The S&P/Case-Shiller home price index came Tuesday morning with a chilling warning from the chairman of the Index Committee at S&P Dow Jones Indices.

“The housing recovery is faltering. While prices and sales of existing homes are close to normal, construction and new home sales remain weak. Before the current business cycle, any time housing starts were at their current level of about one million at annual rates, the economy was in a recession,” said David Blitzer, managing director and chairman.

There’s no doubt that the year is off to a bad start for housing in terms of housing starts, completions and permits. Existing home sales tumbled in January, and mortgage applications have been spiraling downward in February, giving away most of the gains made in January. The earliest home price report from Black Knight Financial Services pointed to home price declines in December.

The National index was slightly negative in December, while both composite Indices were positive. Both the 10- and 20-City Composites reported slight increases of 0.1%, while the National Index posted a -0.1% change for the month. Miami and Denver led all cities in December with increases of 0.7% and 0.5% respectively. Chicago and Cleveland offset those gains by reporting decreases of -0.9% and -0.5% respectively.

“The softness in housing is despite favorable conditions elsewhere in the economy: strong job growth, a declining unemployment rate, continued low interest rates and positive consumer confidence,” Blitzer said.

Industry reaction from some quarters was contrary and swift.

“The Case-Shiller price index metrics for December all came in at the high range of what analysts were expecting, meaning that price appreciation in the last quarter of 2014 was stronger than expected by Wall Street,” said Jonathan Smoke, chief economist for realtor.com.  “For most of 2014, we saw home price appreciation moderate as inventory slowly increased and we shifted from away from a higher percentage of investor purchases.

Smoke notes that list prices and existing home prices both saw higher year over year appreciation at the end of 2014 and starting 2015 as a direct consequence of inventory tightening.  

“While inventory was at its peak last summer, the months’ supply of homes on the market only reached 5.6, and now we’re back under 5 months of supply.  We will have price appreciation well above the rate of inflation as long as we stay at such low levels of supply,” he said. “Based on the list and sale prices in January, the very lagged Case-Shiller indices should show even higher appreciation in their release next month.”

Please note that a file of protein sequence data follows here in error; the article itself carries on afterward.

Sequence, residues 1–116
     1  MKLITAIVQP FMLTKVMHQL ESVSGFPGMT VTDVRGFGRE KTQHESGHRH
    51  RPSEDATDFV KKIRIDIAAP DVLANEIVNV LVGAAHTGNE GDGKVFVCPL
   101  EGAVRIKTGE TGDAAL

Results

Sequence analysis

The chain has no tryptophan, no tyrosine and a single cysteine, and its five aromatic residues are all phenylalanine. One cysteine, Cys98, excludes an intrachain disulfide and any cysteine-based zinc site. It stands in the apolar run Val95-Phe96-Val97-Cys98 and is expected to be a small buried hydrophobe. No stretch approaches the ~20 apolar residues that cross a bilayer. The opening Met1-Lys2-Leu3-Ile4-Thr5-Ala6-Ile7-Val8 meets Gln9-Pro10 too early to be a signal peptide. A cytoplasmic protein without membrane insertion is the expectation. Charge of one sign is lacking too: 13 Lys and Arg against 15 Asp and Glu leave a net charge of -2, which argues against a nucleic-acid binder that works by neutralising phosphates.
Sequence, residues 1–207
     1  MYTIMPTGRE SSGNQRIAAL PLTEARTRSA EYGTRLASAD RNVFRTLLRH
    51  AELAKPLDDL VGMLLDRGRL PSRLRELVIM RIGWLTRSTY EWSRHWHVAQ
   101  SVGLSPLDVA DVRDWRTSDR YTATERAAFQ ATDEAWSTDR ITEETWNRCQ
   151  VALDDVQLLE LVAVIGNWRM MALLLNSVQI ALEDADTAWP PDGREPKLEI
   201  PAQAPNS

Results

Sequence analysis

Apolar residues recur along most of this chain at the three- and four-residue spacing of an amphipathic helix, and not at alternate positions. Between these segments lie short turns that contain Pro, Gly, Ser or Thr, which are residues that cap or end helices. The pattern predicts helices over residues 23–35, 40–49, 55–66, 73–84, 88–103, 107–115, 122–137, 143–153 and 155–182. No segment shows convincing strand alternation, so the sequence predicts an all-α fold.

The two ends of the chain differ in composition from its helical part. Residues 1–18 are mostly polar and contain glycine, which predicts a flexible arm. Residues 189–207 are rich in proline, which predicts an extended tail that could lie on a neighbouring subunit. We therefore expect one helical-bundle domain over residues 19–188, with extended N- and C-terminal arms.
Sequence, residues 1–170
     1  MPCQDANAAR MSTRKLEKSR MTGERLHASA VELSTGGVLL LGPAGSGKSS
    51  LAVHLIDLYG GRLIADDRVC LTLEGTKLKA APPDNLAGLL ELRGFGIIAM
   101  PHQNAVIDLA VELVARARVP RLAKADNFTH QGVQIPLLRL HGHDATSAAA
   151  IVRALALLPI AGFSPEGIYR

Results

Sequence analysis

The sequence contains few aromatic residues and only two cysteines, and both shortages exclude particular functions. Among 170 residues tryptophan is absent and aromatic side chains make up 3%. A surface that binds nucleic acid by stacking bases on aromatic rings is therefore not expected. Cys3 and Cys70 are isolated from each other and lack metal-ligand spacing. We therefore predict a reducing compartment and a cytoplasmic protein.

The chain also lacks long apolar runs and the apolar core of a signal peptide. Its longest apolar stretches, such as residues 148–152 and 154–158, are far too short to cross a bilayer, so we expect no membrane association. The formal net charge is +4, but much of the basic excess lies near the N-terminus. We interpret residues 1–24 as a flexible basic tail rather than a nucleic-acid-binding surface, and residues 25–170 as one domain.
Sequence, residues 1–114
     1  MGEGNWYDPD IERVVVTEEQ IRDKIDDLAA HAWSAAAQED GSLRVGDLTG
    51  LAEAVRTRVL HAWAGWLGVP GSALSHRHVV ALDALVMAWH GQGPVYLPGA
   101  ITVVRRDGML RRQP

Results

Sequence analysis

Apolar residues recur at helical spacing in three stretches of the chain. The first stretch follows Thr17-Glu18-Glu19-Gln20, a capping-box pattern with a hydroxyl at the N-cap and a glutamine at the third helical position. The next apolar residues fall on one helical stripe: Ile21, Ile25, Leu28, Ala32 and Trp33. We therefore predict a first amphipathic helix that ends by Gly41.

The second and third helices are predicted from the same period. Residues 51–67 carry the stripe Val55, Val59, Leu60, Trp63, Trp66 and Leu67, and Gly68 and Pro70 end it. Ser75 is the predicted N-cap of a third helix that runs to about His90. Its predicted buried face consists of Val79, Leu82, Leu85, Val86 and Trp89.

Because of all this, he said, he thinks the alarm from Blitzer is overblown.

“This lagged reading should not be interpreted as a signal that the ‘housing recovery is faltering,’” Smoke said. “We’ve had a slow recovery for many reasons, including a depressed level of first-time buyers limited by tight credit and a weak economy.  Now that the economy has strengthened, we’ve exchanged poor fundamentals as a primary inhibitor with limited inventory as the new problem.  Rising prices should encourage would-be sellers and home builders to put more supply on the market and thus enable more growth in sales.

“To falter, we’d have to be falling from a position of strength.  I’d argue we’re just getting started.  We’ve yet to reach a normal level of demand, but the drivers of demand all point to more momentum ahead, not less.  Transaction volume growth depends on demand and supply and these positive price signals are critical to seeing that supply increase,” Smoke said.

Quicken Loans vice president Bill Banfield didn’t see it as alarming. He thinks the problem is inventory more than anything.

“Home prices have entered what appears to be a steady level of appreciation that is not too hot or too cold.,” Banfield said. “But the limited supply of homes on the market to choose from may make some buyers feel like they were left out in the cold.”

Paul Diggle, property economist at Capital Economics, saw more a glass half full.

“December marked the fourth consecutive month during which house prices rose by at least 0.5% m/m,” he said. “The slight acceleration in price growth at the end of last year reflects the tightening in housing market supply conditions. But with housing no longer obviously undervalued, prices are unlikely to increase by much more than incomes over the next few years.

House prices have firmed up in recent months thanks to a combination of fewer homes being put on the market and stronger demand for the inventory that’s available,” Diggle said.

“But as firmer prices act to attract sellers back into the market and keep a lid on demand, that should in turn help prevent a further acceleration in price growth. Admittedly, our forecast of 4% house price growth in both 2015 and 2016 is stronger than the consensus expectation of 3.5%. But with the prospects for the wider US economy looking increasingly promising, that is a position that we are happy to occupy," he said.